That rising partisanship has been matched with growth in the ranks of independent voters, who outnumber both Democrats and Republicans. Maine is no exception, where about 37 percent of registered voters are unenrolled. But when pressed, nearly nine in 10 independents identify closely with one party or the other, according to a 2015 Pew study. Like rank-and-file Democrats and Republicans, the direction political independents lean often is based on the view that the other party’s policies are a clear and present danger to the country.

How to make elections civil again

Proponents of ranked-choice voting have pitched the method as a solution to the growing hostility infecting politics. The idea is that voters can divide their loyalties among multiple candidates, something that could motivate candidates to use less hostile campaign tactics to secure second and third place votes to remain viable in the event of an instant runoff.

Ranked-choice voting isn’t widely used in the United States. Only 11 cities — including Portland — use it to elect representatives to local offices, such as mayor, city council and school board, while the Academy of Motion Picture Arts and Sciences uses it to select winners for the Academy Awards. Nowhere in the U.S. is it used for statewide or federal contests.

The limited political science research on ranked-choice voting’s moderating influence in these cities suggests it has the potential to increase civility in elections. For example, a 2013 survey of candidates in local elections concluded that under ranked-choice voting they ran less negative campaigns than those in cities with plurality elections.

Under ranked-choice voting, 28 percent of candidates said their opponent portrayed them negatively, compared with 40 percent of candidates in plurality contests. Likewise, just 21 percent of candidates in ranked-choice voting elections admitted to attacking an opponent, while 37 percent of their counterparts in plurality contests did the same.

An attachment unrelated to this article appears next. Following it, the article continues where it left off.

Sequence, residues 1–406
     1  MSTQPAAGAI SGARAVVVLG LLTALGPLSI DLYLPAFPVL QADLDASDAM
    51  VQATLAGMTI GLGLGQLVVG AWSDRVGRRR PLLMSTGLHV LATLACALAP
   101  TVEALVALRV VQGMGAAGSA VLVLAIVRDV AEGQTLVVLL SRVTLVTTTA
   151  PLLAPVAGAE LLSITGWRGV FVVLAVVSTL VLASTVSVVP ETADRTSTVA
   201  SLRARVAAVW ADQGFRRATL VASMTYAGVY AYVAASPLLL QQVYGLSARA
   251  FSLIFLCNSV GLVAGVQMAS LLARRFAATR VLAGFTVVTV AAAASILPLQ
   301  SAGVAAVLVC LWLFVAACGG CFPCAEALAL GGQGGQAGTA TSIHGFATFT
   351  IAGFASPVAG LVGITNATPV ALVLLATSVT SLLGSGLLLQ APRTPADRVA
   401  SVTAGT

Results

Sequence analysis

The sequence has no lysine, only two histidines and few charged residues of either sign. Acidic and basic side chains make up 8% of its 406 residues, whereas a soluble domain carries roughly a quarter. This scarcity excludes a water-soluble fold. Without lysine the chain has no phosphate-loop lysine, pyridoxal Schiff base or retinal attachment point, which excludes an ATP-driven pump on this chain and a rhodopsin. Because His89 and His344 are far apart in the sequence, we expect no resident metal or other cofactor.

“It changes the way candidates campaign when they have to campaign for second and third place votes,” said Caroline Tolbert, a political scientist at the University of Iowa in Iowa City and a co-author of the survey. “They can’t alienate citizens who are going to vote for somebody else for their first choice because they need their second place or third place vote.”

That change in campaign tactics appears to have made a difference, with voters reporting that local elections were more civil after adopting ranked-choice voting, according to a 2014 Rutgers-Eagleton survey of likely voters both in cities that used ranked-choice voting and those with plurality contests.

In ranked-choice voting cities, 28 percent of respondents said that candidates spent a great deal of time criticizing one another, compared with 36 percent of respondents in cities with plurality elections. When asked how the 2014 election compared to prior contests, 18 percent of respondents in ranked-choice cities said it was less negative, while 13 percent said the same in plurality cities.